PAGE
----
Tarot reading is a skill that anyone can pick up. As long as you have an imagination and an OK memory, you’ll do fine.
It took me several years before I was comfortable doing readings for other people. I’ve compiled some of my experience to help you cut down on time it takes for you to learn tarot.
1. Buy a deck that you like
The most important part about learning tarot is getting a deck of cards. Sure, you can read up everything on the internet, but until you have invested in a deck that inspires you, most of the studying will not stick.
You should get comfortable with your deck too. Shuffle it and see how it feels in your hands.
It might take a while for you to break into them. I find that once I can start shuffling a new deck smoothly, I’ll start feeling a lot more confident.
2. Get a tarot coloring book or make one yourself
At my tarot workshops, I give out lecture notes that contain outlines of the different tarot card without the colour.
I find that by colouring the cards one by one, I can focus on the tiny details in each. Each detail brings more information and depth to your reading.
You can either buy a pre-bound tarot colouring book or make one yourself through not very copyright law-friendly ways.
If you can’t get one, you can try sketching the cards by hand.
3. Start with only the Major Arcana
The tarot is divided into the Major Arcana (22 cards) and the Minor Arcana (four suits each with 13 cards).
It’s OK if you start out learning just the Major Arcana until you’re more comfortable with dipping your toes into the Minor Arcana.
4. Leave reversals for another time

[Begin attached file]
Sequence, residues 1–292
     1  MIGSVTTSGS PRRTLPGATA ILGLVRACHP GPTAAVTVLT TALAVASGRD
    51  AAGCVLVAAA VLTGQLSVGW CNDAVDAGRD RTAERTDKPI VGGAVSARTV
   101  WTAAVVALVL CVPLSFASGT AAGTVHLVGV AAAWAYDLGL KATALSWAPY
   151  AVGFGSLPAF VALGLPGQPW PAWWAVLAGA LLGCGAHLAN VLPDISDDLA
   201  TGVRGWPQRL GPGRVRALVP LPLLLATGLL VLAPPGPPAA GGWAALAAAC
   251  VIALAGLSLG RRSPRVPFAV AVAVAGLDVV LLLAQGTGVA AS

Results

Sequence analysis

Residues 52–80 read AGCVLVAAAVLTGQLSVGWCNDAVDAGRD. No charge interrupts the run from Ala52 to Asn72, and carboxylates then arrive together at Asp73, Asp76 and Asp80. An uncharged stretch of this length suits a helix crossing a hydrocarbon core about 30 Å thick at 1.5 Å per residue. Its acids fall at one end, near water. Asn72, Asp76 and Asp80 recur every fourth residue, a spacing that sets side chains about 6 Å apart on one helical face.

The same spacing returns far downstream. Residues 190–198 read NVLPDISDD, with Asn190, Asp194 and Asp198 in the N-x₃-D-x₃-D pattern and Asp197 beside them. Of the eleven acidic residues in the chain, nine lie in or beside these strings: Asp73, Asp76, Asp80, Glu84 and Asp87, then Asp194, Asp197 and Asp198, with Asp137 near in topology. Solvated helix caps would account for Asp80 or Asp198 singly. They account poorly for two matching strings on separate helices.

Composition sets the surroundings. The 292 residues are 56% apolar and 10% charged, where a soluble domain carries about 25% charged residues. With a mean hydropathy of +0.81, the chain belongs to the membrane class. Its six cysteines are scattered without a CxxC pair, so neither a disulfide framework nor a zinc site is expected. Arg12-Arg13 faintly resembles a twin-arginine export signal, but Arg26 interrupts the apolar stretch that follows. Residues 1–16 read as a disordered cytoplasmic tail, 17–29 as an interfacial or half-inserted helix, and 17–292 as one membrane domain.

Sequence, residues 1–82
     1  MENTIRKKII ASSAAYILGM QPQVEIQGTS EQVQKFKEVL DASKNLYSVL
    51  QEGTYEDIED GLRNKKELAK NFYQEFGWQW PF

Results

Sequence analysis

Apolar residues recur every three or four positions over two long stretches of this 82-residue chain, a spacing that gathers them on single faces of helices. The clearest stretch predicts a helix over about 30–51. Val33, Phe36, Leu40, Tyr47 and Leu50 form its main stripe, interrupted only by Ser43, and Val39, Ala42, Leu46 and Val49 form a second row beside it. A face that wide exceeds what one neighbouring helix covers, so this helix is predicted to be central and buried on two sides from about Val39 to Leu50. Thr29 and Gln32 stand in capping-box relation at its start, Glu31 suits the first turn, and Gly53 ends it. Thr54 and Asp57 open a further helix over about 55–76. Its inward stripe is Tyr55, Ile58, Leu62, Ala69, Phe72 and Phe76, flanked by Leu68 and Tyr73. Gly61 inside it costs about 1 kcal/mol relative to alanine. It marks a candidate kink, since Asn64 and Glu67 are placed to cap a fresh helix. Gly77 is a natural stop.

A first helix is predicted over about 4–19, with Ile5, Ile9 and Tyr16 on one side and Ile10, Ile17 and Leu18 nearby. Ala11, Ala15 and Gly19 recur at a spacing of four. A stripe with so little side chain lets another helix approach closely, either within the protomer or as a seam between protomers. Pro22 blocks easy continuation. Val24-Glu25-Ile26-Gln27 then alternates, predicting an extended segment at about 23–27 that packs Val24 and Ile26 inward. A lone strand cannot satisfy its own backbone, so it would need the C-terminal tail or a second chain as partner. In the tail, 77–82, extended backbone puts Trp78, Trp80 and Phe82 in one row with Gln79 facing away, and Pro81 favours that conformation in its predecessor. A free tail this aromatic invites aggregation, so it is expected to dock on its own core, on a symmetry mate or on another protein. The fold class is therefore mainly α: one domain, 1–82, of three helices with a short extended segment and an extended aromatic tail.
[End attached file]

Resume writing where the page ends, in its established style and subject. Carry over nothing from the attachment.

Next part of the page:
Despite 14 years of tarot experience, I’ve not used reversal cards for my reading. Reversals are when your card appears upside down.
This can mean the negative side of the card is more apparent or it could mean the opposite of the card is true.
The ambiguity of reversed cards complicate my readings so I always put them upright.
5. Make use of online resources
Before I was comfortable interpreting cards on my own, I relied on online resources to explain the cards.
I also like that they show interpretations for different scenarios: General, Work, Love etc.
6. Use free online readings along with your cards
I know some people don’t trust auto generated online tarot readings, but I found facade,com/tarot gives me pretty good answers when I need it.
I love the Ator Tarot and One Card without reversals reading on facade.com/tarot. The deck is cute and the answer is simple.
Apart from using the answer as guidance as one usually does with real cards, I like that I’m able to read the interpretations along with the reading.
Apart having a from using the site as guidance, you can read the interpretations that come along with the card.
I’ve been using the site for a number of years before I decided to pick up physical tarot reading again. And the time spent reading interpretations has been really helpful.
I wrote a post on computer-generated tarot readings and why I like them.
7. For auditory learners: YouTube
For anyone who learns better through hearing, YouTube videos are a great learning source.
I really like Scarlet Hare’s videos on the different meanings of the cards. She hasn’t updated her channel since four years ago but her videos are still great.
There are many other tarot teachers teaching the different meanings of the cards so watch the videos and see whether you can learn the definitions faster.
8. Learn in person
If you have a short attention span, learning in a class might be the best option for you. You’ll feel more accountable as everyone can see you if you stop paying attention.
Learning directly with a teacher means you can ask questions on the spot, and you can see how readings are conducted.
I’m running monthly tarot workshops. If you’re in Singapore, get on the mailing list and I’ll send updates about my classes.